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Please begin with an informative title:

Republicans hate the Affordable Care Act.  A lot.  They've tried to repeal it in Congress something like 40 times.  In the states, Republican governors and legislatures are doing everything they can to prevent implementation.

I mean they really really hate it.  I could lift a Douglas Adams quote and insert it here, but even that wouldn't be a good illustration of how much Republicans hate the ACA.  how much do they hate it?

Enough that in their quest to repeal it, they're going so far as to propose a single payer system.

Intro

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You heard that right.  A single payer system.  

Robert W. Patterson was a welfare advisor to Pennsylvania Governor Tom Corbett.  He is also the editor of The Family in America: A Journal of Public Policy.  Here is part of what he writes:

He begins with a VERY blunt assessment of how Republicans view the health care debate.  Especially by criticizing Republicans for continuously re-litigating the debate and telling them to get over it.  And then he offers an assessment of not only the system itself, but how people think of the system

Yet GOP members of Congress, pushed by conservative think tanks, continue to mount a rearguard action against Obamacare while advancing the notion that nothing is broken in the health-care system that free-market reforms cannot fix.

Discarding Obamacare's regulatory baggage and delinking insurance from employment would be well and good, but Republican policy experts are under the delusion that the health-care sector can function as a competitive market, as if consumers can bargain with insurance carriers, mega-hospitals, pharmaceutical giants, and medical specialists. Good luck with that.

Meanwhile, retirees and near-retirees express no enthusiasm for the designs of House Budget Committee Chairman Paul Ryan (R., Wis.) to turn Medicare into a "premium-support" system, especially when such downgrading is couched as budget-cutting.

It's time for Republicans to dump their policy advisers, start thinking about the anxieties of ordinary Americans, and construct a viable health system that beats Obama at his game.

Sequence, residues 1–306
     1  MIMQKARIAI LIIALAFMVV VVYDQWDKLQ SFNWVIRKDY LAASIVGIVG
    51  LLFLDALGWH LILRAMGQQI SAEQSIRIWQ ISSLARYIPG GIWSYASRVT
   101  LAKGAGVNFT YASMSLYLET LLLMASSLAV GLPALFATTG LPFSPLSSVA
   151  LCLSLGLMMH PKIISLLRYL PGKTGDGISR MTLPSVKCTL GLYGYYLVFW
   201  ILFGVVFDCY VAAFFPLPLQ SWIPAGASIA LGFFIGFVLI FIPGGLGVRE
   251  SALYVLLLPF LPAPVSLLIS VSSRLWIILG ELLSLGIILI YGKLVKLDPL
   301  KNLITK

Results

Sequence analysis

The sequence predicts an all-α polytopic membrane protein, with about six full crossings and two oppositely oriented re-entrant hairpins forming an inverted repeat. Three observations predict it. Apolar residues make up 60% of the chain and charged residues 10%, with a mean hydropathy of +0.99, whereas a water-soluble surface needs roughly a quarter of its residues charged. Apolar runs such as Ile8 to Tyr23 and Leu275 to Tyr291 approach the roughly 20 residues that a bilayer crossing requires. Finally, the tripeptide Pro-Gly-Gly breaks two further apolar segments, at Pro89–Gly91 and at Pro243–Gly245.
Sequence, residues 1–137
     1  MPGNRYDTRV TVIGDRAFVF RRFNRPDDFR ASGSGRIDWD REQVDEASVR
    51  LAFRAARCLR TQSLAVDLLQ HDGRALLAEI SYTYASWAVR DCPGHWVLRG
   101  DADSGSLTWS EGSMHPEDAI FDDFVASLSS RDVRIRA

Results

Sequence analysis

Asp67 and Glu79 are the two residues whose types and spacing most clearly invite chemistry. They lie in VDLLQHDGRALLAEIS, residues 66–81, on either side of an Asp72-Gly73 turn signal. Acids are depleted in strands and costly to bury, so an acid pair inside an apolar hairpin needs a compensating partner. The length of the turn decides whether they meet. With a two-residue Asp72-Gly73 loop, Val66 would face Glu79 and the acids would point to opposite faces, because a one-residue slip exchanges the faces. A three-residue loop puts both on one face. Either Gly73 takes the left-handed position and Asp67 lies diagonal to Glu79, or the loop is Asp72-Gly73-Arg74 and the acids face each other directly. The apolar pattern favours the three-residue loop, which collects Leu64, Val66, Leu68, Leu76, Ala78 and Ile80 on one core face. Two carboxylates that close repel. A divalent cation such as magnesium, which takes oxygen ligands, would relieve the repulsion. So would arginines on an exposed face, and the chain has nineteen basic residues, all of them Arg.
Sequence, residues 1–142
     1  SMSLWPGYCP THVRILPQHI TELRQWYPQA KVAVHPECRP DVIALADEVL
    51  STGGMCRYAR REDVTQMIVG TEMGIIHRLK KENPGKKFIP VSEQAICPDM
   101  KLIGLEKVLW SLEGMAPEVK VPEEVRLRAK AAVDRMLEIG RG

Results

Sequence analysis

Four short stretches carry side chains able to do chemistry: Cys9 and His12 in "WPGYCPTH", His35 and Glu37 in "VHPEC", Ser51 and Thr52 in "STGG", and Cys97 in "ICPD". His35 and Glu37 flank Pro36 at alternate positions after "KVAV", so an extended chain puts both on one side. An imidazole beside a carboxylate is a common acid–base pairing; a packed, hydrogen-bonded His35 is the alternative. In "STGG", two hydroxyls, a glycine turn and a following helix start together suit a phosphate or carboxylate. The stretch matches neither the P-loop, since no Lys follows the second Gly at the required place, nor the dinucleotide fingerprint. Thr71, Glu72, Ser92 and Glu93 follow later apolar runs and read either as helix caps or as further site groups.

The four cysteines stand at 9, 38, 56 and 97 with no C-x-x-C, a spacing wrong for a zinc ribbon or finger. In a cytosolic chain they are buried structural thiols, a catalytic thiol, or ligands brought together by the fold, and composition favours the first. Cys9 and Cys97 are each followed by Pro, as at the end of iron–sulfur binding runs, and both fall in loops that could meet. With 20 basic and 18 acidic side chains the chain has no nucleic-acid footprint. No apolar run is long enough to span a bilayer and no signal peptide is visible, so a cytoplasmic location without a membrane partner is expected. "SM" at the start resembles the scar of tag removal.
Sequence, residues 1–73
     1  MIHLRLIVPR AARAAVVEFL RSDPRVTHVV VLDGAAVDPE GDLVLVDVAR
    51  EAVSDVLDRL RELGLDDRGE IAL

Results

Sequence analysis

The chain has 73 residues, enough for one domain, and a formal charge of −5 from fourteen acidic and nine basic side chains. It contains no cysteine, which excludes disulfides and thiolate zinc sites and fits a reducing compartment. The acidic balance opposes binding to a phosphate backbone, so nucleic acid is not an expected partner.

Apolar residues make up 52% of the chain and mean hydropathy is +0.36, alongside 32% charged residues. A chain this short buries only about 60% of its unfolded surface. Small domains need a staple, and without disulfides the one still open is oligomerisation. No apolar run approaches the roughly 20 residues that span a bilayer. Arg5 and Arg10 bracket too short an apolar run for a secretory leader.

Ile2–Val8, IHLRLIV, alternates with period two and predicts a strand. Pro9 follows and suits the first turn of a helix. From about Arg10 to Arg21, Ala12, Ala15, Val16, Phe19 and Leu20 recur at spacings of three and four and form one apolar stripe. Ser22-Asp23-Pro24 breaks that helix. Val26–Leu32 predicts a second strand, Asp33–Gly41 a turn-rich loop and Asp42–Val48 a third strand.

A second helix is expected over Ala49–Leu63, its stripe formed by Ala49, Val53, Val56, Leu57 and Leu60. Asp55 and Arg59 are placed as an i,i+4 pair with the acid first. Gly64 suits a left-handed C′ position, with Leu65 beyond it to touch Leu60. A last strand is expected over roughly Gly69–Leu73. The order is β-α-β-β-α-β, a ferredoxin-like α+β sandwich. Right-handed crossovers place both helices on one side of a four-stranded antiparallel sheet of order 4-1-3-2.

(diarist emphasis)

So what's his plan?

   First, congressionally charter Blue Cross-Blue Shield as a monopoly to provide basic coverage to all Americans, except retirees. And grant the regulated nonprofit authority to impose payer-fee schedules on providers of routine care and services, much as Medicare does.

    A utility-style Blue Cross-Blue Shield covering all working-age Americans and their dependents would offer enormous administrative economies of scale and an insurance pool of unprecedented size. By trumping state regulations, the plan would be relieved from paying for luxuries like aromatherapy, Viagra, sex-change operations, hair implants, birth control, or elective abortion. Nothing would preclude other carriers from selling supplemental insurance for medical non-necessities, purchased by individuals at after-tax rates.

    Jointly funded by a modest payroll tax and shale-oil severance fees, this utility would not only replace all nonsupplemental health-care plans, but also Obamacare, state exchanges, much of Medicaid, and the State Children’s Health Insurance Plan.

Essentially, this is a single payer health care plan.  Now, there are some problems with what he proposes.  You will notice right off the bat that he calls contraception and elective abortion "luxuries" which won't be covered.  I guess that's his way of guaranteeing Republican support.  One wonders what exactly WILL be covered in this "regulated non profit".  He says "routine care and services", but what does that mean?  In Congressional sausage-making, the lobbyists of AHIP will have much to say on that subject.  Especially as they will offer "supplemental insurance for medical non-necessities, purchased by individuals at after-tax rates."  With of course the exceptions of any kind of women's reproductive health services.  After all, these are Republicans.  

Another problem is the elimination of most of Medicaid and SCHIP.  What's the guarantee that these people who need these services will be able to afford them under the new system? After all, even though this will be a "regulated non profit", you can bet your sweet bippy that there will be enough loopholes for someone to be making a buttload of money.

A third problem is the funding.  "Shale-oil severance fees"?  I guess to a Republican, it's frack now, frack forever.  

These problems aside, the point he makes is an important one. He wants the Republican Party to regain the relevance it once had.  This can be a game changer.  Hell, with a few tweaks in coverage, regulation, and in how it's paid for--like by eliminating corporate tax loopholes instead of shale-oil severance fees--this can be introduced by a Blue Dog in the House, with a "saner" Republican as a co sponsor, as a "repeal and replace" to the ACA.  And if Republicans take the lead, this can put them in relevance in the health care debate again.  Particularly in 2014, as the ACA kicks in fully and the exchanges are up and running for the first time.  

Because we know the strategy of Republicans--Sabotage the ACA so much that in 2016 the people will elect Republicans to repeal it.

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